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Meteor smoke makes strange clouds

 

A key ingredient for 'night shining clouds' comes from outer space. Scientists have detected bits of 'meteor smoke' imbedded in them.

 

Noctilucent clouds or NLC in 1880 and 1990 – increasing over time

 

They look alien. The electric-blue ripples and pale tendrils of NLCs reaching across the night sky resemble something from another world.

“We've detected bits of 'meteor smoke' imbedded in noctilucent clouds. This discovery supports the theory that meteor dust is the nucleating agent around which NLCs form.”

 

Noctilucent clouds near the top of Earth's atmosphere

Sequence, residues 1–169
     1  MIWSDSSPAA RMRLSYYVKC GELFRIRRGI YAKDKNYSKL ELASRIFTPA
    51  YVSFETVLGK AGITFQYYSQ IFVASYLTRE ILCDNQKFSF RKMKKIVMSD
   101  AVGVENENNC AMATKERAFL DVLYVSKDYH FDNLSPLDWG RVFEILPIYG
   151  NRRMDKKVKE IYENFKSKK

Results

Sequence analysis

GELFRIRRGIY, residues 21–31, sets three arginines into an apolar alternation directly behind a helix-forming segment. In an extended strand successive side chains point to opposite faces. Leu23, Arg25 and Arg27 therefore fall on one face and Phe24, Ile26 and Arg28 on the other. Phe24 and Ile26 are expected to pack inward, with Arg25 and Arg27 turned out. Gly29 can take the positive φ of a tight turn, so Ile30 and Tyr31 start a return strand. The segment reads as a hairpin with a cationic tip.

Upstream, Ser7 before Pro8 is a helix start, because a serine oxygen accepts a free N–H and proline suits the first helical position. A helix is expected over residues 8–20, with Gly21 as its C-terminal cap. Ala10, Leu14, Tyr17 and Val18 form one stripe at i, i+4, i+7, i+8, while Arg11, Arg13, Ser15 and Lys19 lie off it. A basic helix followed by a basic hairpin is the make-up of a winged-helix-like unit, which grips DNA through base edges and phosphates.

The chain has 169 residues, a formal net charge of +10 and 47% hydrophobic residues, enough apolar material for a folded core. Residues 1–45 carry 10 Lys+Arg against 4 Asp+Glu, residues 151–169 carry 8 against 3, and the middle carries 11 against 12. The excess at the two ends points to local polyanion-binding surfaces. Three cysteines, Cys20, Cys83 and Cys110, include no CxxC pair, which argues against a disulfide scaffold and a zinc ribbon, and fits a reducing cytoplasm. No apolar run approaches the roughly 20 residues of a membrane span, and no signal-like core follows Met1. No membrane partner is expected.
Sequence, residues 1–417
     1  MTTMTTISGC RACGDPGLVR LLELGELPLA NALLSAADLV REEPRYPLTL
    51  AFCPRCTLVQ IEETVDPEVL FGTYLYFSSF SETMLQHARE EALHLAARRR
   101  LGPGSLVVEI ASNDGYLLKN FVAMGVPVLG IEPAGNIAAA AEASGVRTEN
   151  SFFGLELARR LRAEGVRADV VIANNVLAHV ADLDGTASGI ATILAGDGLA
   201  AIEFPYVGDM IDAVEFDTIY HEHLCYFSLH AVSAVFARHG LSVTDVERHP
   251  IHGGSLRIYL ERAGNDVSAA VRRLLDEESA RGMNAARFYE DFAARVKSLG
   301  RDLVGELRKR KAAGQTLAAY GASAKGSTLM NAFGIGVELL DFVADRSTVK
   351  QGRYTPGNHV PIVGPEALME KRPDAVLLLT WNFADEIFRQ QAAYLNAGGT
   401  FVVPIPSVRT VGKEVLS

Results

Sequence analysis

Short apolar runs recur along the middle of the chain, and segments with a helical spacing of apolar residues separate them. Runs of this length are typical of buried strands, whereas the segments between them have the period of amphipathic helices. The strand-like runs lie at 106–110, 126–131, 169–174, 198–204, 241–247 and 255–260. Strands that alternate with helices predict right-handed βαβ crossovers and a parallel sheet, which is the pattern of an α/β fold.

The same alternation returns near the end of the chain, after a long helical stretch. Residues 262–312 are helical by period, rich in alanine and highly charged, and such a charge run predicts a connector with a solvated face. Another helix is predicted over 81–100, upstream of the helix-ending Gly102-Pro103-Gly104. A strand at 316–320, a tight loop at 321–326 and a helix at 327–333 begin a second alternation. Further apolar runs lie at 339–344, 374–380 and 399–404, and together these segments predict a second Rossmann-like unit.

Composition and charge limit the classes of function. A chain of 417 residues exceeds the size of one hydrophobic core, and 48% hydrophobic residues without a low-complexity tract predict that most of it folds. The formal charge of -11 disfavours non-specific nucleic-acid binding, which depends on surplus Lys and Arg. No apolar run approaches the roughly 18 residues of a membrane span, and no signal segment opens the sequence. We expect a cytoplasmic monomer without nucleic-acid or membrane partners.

Noctilucent clouds are a mystery dating back to the late 19th century. Northern sky watchers first noticed them in 1885 about two years after the eruption of Krakatoa.

"We found that about 3% of each ice crystal in a noctilucent cloud is meteoritic."

When meteoroids hit our atmosphere and burn up, they leave behind a haze of tiny particles suspended 70 km to 100 km above Earth's surface.

The small size of the ice crystals explains the clouds' blue color.

 

How methane, a greenhouse gas, boosts the abundance of water at the top of Earth's atmosphere

 

"When methane makes its way into the upper atmosphere, it is oxidized by a complex series of reactions to form water vapor. This extra water vapor is then available to grow ice crystals for NLCs."
Noctilucent clouds are a sort of "canary in a coal mine" for one of the most important greenhouse gases.

"They might look alien, but they're telling us something very important about our own planet."

 

(NASA)

publicado por Produções Anormais - Albufeira às 13:25

Julho 2019
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